We are excited to share the International Book Giving Day 2013 poster with you! This poster was designed by Indian children’s illustrator Priya Kuriyan and does, we think, an excellent job of conveying what International Book Giving Day is all about to those who are learning about International Book Giving Day for the first time.
International Book Giving Day is a volunteer initiative aimed at increasing children’s access to and enthusiasm for books. International Book Giving Day’s focus is on encouraging people worldwide to give a book to a child on February 14th. We invite individuals to 1) give a book to a friend or family member, 2) leave a book in a waiting room for children to read, or 3) donate a gently used book to a local library, hospital or shelter or to an organization that distributes used books to children in need internationally. In addition, we encourage people to support the work of nonprofit organizations (i.e. charities) that work year round to give books to children.
Given that this is a volunteer initiative, we are counting on volunteers like you to help us invite people to celebrate!
- Print this International Book Giving Day poster, and hang copies in your community.
- Send links to the International Book Giving Day 2013 poster and press release to your local newspaper along with information about any events being planned in your community. See “help organize” for ideas about organizing an event in your community.
- Invite others to celebrate International Book Giving Day via newsletters, list serves, event calendars etc.
Priya Kuriyan was the perfect person to design International Book Giving Day’s poster. She has illustrated books for Room to Read and Pratham Books and believes that it is important for all children to have access to books. Priya Kuriyan was kind enough to answer a few questions for me.
Why have you supported the work of Room to Read and Pratham Books?
Most families [in India] don’t have disposable incomes with which they can buy books for their children. Sometimes as individuals one doesn’t know where one can start in order to make some sort of a difference. Organisations like Pratham Books and Room To Read have established networks that penetrate deep into India with a readership of nearly 25 million. Most importantly their books are extremely affordable so that almost every child can have a story book in their hands, irrespective of whether they are rich or poor. As an illustrator, the idea that a child in a remote village in India might be enjoying a book that I illustrated makes me extremely happy.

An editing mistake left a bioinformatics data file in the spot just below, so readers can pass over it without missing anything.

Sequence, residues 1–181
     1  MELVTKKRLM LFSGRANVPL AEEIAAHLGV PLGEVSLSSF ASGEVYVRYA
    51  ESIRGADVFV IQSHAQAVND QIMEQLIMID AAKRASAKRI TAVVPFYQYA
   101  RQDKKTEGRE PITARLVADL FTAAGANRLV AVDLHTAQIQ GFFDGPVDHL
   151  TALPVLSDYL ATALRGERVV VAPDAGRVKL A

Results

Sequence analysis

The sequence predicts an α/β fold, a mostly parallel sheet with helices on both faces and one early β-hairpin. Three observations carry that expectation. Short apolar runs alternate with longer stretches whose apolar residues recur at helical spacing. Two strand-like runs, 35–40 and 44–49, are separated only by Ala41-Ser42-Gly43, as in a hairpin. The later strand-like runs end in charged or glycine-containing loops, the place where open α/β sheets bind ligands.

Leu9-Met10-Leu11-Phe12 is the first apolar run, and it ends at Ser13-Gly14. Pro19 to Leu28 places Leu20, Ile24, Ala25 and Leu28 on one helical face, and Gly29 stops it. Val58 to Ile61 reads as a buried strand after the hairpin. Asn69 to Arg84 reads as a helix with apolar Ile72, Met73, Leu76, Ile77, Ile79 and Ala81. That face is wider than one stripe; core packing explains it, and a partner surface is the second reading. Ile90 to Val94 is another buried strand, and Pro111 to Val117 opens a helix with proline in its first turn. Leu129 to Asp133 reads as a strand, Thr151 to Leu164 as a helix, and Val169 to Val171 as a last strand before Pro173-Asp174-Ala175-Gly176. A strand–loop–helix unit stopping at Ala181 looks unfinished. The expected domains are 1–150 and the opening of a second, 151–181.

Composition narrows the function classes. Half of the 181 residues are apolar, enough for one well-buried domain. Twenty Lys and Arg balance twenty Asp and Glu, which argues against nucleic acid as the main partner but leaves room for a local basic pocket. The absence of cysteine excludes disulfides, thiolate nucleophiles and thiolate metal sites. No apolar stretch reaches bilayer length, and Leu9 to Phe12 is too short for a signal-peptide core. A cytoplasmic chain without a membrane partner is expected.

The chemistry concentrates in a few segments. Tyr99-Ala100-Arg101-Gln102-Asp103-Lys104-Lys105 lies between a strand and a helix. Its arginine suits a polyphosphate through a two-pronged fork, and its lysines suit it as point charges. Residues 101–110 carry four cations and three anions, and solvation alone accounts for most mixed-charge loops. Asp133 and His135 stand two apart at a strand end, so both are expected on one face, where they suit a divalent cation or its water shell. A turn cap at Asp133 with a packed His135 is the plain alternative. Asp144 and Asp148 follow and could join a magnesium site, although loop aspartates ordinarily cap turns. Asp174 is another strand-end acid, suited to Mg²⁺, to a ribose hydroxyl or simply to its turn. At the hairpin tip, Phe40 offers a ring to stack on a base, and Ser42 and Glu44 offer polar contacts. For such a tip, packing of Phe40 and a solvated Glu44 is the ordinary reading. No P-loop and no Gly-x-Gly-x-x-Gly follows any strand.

Why do you think it is valuable for children in India and elsewhere to have access to books?
Apart from the fact that access to children’s books improves the ability to read and articulate, which is in itself an important life-skill, books have immense transformative powers. I remember reading somewhere that, while reading a book, children like adults often relate stories to their own experiences. It provides them with worlds similar to theirs in which characters have conflicts that are similar to theirs; feelings of jealousy, guilt and aggressiveness like theirs along with the need to be loved and accepted. Often these characters also provide them with resolutions to these conflicts which the child could perhaps not found elsewhere. I completely ascribe to this idea as this it describes exactly the experience of reading a book as a child.
Do you have any special memories of reading picture books when you were a child?
I grew up at a time when India’s economy wasn’t liberalised as it is now. So, access to good children’s books was not very easy even for a middle class household. Due to the Indo-Soviet connection during those days, Russian picture books were very popular and they were my first initiation into picture books. Inspite of being culturally alien, where characters mostly had names like Ivan and Natasha, these books and their illustrations really inspired me. I do remember trying to draw like the illustrators who created those books. Books were far and few, but there was a very healthy amount of borrowing and sharing in those days. I am grateful for those opportunities as a child as they’ve definitely played a huge role in what I do today.
Priya was kind enough to share a wordless version of her poster with us and give us permission to create non-English versions. Would you like a poster created in another language? Translate the poster’s message and time permitting we will make one for you.